My ATTiny85 is connected to a 433 transmitter and an analog sound sensor. The 433 is working fine (using VirtualWire) but when I send the reading from the sensor all I receive is a 1.

What I would like to receive is the value between 0 and 1024 like when I print the sensor to serial. I cannot check it because the ATTiny85 had no serial out.

My code is a combination of snippets I found online, I am not happy with all the magic to format the data that needs sending. I would also like to send "Reading: 637" in stead of just the number but I find the concatenation Google results extremely complicated.

Should this code send the sensor data like 672? Could there maybe be some Fuse setting blocking the AnalogRead?

#include <VirtualWire.h>

const int transmit_pin = PB0;
const int sensor_pin = PB4;
int sensor_data;
char sensor_msg[4];

void setup()

int count = 1;

void loop()

  sensor_data = analogRead(sensor_pin);
  vw_send((uint8_t *)sensor_msg, strlen(sensor_msg));
  vw_wait_tx(); // Wait until the whole message is gone
  count = count + 1;


Receiver Code as requested
This is a Pro Mini (clone) and it has an LCD attached so I can see what is going on.

#include <VirtualWire.h>
#include <LiquidCrystal_I2C.h>

LiquidCrystal_I2C lcd(0x27,16,2);

const int receive_pin = 11;
char* testje;
void setup()
    Serial.begin(9600); // Debugging only

    // Initialise the IO and ISR
    vw_setup(2000);  // Bits per sec

    vw_rx_start();       // Start the receiver PLL running


void loop()
  char buf[VW_MAX_MESSAGE_LEN];
  uint8_t buflen = VW_MAX_MESSAGE_LEN;

  if (vw_get_message(buf, &buflen)) {
    int i;
    // Message with a good checksum received, print it.
    Serial.print("Got: ");

    for (i = 0; i < buflen; i++) {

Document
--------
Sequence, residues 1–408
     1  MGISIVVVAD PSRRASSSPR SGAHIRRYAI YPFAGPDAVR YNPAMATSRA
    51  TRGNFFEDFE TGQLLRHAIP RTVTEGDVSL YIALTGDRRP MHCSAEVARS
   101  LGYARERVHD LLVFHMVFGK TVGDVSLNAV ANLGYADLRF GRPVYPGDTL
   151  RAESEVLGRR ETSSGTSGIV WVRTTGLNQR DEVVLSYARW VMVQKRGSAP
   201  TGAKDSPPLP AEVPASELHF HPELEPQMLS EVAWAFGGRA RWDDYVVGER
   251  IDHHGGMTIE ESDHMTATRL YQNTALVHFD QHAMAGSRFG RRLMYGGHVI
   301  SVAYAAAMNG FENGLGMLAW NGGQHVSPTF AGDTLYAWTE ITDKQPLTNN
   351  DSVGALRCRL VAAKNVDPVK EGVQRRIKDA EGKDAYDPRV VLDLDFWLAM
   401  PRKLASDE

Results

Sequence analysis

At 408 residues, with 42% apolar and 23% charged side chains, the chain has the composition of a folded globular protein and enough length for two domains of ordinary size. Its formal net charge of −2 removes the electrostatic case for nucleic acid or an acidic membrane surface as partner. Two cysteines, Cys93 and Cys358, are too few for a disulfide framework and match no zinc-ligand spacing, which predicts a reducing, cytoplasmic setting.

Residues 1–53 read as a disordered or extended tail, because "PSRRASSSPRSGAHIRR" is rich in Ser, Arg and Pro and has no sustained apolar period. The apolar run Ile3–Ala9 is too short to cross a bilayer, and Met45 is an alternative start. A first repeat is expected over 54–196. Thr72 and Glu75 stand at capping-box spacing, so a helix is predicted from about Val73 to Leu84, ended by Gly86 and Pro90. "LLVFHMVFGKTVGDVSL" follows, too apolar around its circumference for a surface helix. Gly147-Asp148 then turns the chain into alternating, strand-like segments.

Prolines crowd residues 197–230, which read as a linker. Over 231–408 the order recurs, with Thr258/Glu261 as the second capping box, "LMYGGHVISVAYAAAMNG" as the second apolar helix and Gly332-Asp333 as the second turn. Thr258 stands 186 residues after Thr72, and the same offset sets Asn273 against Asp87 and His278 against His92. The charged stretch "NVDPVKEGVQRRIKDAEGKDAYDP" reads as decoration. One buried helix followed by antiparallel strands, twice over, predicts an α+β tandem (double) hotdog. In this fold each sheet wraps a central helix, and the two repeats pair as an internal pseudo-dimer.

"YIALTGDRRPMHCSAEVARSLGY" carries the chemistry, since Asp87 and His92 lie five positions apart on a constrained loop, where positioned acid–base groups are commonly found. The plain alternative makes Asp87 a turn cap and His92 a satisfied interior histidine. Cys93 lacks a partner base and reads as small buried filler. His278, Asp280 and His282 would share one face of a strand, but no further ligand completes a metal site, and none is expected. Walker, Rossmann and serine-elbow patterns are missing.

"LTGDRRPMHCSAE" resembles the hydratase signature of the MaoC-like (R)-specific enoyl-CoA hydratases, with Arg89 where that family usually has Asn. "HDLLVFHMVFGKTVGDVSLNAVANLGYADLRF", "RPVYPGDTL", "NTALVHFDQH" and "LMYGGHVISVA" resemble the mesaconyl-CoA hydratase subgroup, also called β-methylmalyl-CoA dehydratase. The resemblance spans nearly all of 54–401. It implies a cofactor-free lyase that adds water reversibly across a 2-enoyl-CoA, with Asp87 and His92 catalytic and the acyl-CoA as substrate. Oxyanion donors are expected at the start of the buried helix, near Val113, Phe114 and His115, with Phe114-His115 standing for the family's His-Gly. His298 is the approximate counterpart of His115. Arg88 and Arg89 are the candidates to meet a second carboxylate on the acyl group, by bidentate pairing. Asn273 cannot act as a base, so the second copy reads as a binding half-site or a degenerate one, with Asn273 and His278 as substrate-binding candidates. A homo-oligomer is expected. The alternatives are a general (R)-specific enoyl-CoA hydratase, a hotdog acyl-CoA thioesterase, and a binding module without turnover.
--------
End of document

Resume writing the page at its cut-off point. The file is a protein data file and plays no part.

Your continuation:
• 1
    sensor_msg should be 5 bytes long not 4, but other than that it looks fine. What is your reception code? Maybe the bug lies there? – Majenko Mar 21 '17 at 18:01
  • Actually, one thing i just noticed. The third argument of itoa should be 10 not 4. That argument is the base you want to represent the value in. – Majenko Mar 21 '17 at 18:39
  • thanks, I've changed it. also tried HEX but 1 stays 1 obviously :D I will find an extra Pro Mini to test the sending of the data from a Pro Mini, will update my question afterwards – Thijs Mar 21 '17 at 19:31
  • 1
    I would double check the pin numbers for the attiny. They look like port bit numbers but that might just work by chance. – Mikael Patel Mar 21 '17 at 19:38
  • Ok from a Pro Mini it all works. So the code is ok and the receiver is ok. About the pins; I use PB0 to send data, so PB4 must be PB4 right? It's not possible to name it A2 but it 'should be' that pin. I will make a blinking LED on PB3 to be sure :) maybe I can have it blink analogeRead/100 or something.. – Thijs Mar 21 '17 at 19:51

I would double check the pin numbers for the attiny. They look like port bit numbers but that might just work by chance.

const int transmit_pin = PB0;
const int sensor_pin = PB4;

A quick double check with the attiny/pins_arduino.h give:

//                 +-\/-+
// Ain0 (D5) PB5  1|    |8  Vcc
// Ain3 (D3) PB3  2|    |7  PB2 (D2) Ain1
// Ain2 (D4) PB4  3|    |6  PB1 (D1) pwm1
//           GND  4|    |5  PB0 (D0) pwm0
//                 +----+

As you have found they should be defined as:

const int transmit_pin = 0; // Physical pin 5
const int sensor_pin = 4;   // and pin 3

This type of issue could be avoided by using strong data typing and object oriented design. Please see for instance Cosa ATtinyX5.hh and GPIO.hh.


Here is something that does basically the same as the sender. Cosa supports attiny and Arduino boards "out-of-the-box".

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